Sunday, Jan. 22, marks the Lunar New Year, often called Chinese New Year, one of the most important annual celebrations in East and Southeast Asian culture.
Each year in the lunar calendar is represented by one of 12 zodiac animals: rat, ox, tiger, rabbit, dragon, snake, horse, sheep, monkey, rooster, dog and pig. It is also represented by one of five elements: earth, water, fire, wood and metal. Each year, the zodiac animal pairs with one of those five elements.
This year is the year of the rabbit, the most recent of which was in 2011. This year, the rabbit corresponds with water, making it the year of the water rabbit, which comes every 60 years. The water rabbit is a kind, gentle yet confident spirit who can adjust readily to different conditions.
The Lunar New Year is typically celebrated over multiple days. In China, the Lunar New Year is known as the Spring Festival or Chūnjié in Mandarin, while Koreans call it Seollal and Vietnamese refer to it as Tết.
The New Year usually begins with the first new moon that occurs at the end of January and lasts through the first 15 days of the first month of the lunar calendar — until the full moon arrives.
The celebration began as a time for feasting and to honor household and heavenly deities, as well as ancestors, often asking for a good planting and harvest season.
The Lunar New Year is celebrated across a number of countries in East and Southeast Asia, each of which has its own traditions to celebrate the occasion.
In China, people stay up on New Year’s Eve and set off firecrackers at midnight, and then firecrackers are used again in the morning to welcome the new year and for good luck. The firecrackers are said to ward off monsters.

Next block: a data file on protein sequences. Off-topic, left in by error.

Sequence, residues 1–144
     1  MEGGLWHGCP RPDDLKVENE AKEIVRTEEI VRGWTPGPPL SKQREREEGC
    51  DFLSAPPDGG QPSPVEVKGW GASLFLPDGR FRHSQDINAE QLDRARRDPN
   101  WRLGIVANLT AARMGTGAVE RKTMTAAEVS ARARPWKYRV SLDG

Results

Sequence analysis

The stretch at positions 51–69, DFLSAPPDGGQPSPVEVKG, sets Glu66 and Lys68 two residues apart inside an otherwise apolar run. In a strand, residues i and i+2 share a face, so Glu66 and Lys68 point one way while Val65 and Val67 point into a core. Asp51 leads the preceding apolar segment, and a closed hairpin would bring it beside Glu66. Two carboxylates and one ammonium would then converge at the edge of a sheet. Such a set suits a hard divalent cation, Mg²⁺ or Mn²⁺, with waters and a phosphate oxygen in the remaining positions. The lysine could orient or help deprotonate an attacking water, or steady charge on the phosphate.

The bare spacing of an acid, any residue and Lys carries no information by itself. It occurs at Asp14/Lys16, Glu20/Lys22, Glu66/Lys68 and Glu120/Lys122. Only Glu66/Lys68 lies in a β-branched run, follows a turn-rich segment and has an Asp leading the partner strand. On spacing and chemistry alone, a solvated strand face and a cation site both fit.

In Chinese culture, fish is typically included as a last course of a New Year’s Eve meal for good luck, as the word for fish is pronounced the same as the word “surplus” or “abundance.” Chinese New Year’s meals also include foods like glutinous rice ball soup, moon-shaped rice cakes and dumplings. Often, a clean coin is tucked inside a dumpling for good luck.
In China, the holiday ends with the Lantern Festival, which is celebrated on the last day of New Year’s festivities. Parades, dances, games and fireworks mark the finale of the holiday. During the New Year period, it is taboo in China to cut your hair; use scissors, knives and other sharp things; argue or swear; say unlucky words (such as “death” and “sickness”) or to break things.
In Vietnam, families feast on five-fruit platters to honor their ancestors, and the celebration also includes eating a rice cake made with mung beans, pork, and other ingredients wrapped in bamboo leaves. Snacks called mứt tết, made from dried fruits or roasted seeds mixed with sugar, are commonly offered to guests.
In both China and Vietnam, elders give money in red envelopes, but in North and South Korea money is given in white and patterned envelopes.
Also in both North and South Korea, traditional New Year’s dishes include a sliced rice cake soup and one made from five different grains.
Across East and Southeast Asia, the holiday prompts major travel and is when many return home to celebrate with their families.